- Is there an app for that? You can track the data with a pen or pencil or a spreadsheet and some custom-made graphs; you can also use a sundial, an abacus and some twigs to draw in the sand. I don’t care what your method is – just do it consistently.
- I know, I know…you (yes YOU) already know this stuff. But the key question is this: are you doing it? If not, you’d better read on.
What to measure?
So now that we have answered the ‘why’ of measurement, let’s get to the ‘what’. While it’s possible to measure pretty much most of our body, we really don’t need to. A few simple measures will tell you all you need to know:
- Your weight (in kgs/lbs) – Yes I did just say it’s one of many factors, but it IS a factor, so jump on a scale and note that number. Yes, the decimals too. Use the same scale, not the one at home in the morning, gym in the afternoon and one at work in the evening – you’ll definitely be needing a drink after trying to make sense of those numbers!
- Chest circumference (in cms, because it’s more precise than inches) – Measure the circumference along the widest part of your chest, along the nipple line.
- Waist circumference (in cms) – Measure the circumference along the narrowest part of your waist, in line with the belly button.
- Thigh circumference (in cms) – Measure the circumference of the widest part of your thigh.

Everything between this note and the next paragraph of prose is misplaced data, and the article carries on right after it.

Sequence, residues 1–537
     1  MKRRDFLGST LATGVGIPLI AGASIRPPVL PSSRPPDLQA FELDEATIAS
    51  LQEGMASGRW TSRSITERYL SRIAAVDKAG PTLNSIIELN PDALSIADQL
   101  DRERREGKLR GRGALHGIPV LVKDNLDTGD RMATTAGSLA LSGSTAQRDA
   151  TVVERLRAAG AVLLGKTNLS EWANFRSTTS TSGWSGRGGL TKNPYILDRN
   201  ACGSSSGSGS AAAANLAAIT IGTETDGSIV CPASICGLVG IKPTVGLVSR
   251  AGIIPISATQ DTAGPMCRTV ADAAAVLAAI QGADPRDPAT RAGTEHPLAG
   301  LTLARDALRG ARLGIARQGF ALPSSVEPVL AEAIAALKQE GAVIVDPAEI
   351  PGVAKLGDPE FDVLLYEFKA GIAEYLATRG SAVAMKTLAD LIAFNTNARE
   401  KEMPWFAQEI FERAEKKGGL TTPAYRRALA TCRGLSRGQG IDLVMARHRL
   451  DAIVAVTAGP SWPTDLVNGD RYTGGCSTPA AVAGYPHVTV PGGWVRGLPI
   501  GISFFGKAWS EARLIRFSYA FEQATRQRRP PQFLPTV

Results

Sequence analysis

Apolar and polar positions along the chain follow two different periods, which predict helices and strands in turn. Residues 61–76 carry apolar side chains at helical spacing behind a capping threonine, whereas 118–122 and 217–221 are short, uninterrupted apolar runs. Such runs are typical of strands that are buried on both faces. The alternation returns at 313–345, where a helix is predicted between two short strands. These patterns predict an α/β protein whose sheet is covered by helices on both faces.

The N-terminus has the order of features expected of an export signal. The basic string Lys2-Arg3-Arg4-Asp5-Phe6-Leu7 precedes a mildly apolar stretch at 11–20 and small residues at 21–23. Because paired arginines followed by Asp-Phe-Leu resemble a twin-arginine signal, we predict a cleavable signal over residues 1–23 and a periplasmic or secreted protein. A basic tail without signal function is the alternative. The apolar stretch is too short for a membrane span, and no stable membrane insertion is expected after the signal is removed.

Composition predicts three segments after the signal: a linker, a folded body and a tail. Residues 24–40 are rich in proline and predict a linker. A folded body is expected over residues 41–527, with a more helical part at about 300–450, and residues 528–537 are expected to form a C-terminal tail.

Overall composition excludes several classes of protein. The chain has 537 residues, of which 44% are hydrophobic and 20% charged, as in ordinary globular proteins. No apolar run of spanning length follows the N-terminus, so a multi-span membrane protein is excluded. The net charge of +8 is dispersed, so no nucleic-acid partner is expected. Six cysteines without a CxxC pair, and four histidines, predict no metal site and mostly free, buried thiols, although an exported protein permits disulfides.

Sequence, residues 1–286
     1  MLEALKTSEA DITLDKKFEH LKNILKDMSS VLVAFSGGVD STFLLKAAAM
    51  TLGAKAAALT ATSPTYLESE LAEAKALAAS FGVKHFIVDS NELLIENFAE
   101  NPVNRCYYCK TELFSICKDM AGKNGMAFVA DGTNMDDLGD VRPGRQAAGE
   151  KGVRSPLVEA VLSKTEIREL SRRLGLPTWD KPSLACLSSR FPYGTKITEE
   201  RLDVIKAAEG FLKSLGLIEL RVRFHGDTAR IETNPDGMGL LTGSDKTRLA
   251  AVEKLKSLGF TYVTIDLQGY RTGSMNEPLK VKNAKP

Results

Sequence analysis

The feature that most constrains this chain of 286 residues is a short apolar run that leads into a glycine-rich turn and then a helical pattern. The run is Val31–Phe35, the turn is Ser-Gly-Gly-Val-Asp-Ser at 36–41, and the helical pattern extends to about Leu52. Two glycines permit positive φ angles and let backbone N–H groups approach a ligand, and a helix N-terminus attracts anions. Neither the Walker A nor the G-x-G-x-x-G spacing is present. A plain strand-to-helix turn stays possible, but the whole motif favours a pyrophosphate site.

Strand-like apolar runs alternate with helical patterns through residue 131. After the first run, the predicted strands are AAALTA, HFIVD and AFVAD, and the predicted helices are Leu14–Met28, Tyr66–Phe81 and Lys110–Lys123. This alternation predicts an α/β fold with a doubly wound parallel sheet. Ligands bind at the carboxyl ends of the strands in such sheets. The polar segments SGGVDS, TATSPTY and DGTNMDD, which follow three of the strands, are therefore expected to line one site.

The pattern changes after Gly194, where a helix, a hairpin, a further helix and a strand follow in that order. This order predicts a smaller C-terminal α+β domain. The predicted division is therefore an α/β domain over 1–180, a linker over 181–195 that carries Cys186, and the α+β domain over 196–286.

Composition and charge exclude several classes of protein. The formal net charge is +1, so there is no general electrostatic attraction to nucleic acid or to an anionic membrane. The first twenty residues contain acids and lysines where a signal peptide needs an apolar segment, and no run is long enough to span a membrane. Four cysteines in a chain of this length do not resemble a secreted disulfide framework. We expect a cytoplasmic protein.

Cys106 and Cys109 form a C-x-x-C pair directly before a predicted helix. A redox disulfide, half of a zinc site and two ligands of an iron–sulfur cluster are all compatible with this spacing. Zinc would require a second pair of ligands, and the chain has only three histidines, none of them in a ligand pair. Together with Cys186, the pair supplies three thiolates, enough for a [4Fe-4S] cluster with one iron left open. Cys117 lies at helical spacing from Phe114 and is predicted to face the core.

- Pictures – Facing the camera and a side pose. Sharing on social media is optional.
- Seriously – you want more? Five is fine, now write those numbers down somewhere where you won’t lose them.
A few pointers:
- Do the measurements once a week. Why weekly? We find it’s the ‘goldilocks’ zone, not too often and not too far apart – just right!
- Take all your measurements at the same time each week. Pick your time but do each measurement at that time. First thing in the morning is a good time to pick.
- Ideally wear the same clothes each time too, especially for the weight & pictures.
Changing our bodies and our health can take some time. And when we really want to see these changes quickly, it may seem like forever. Doing these measurements is the clearest message you will get that something is working (or not!). The more you measure, the more you track over time, the better you’ll know your body, and the better you’ll be able to change it. And if you’re serious at all about doing so, you better get measuring!
Author Note: This article was written by Kannan Raman for The Quad.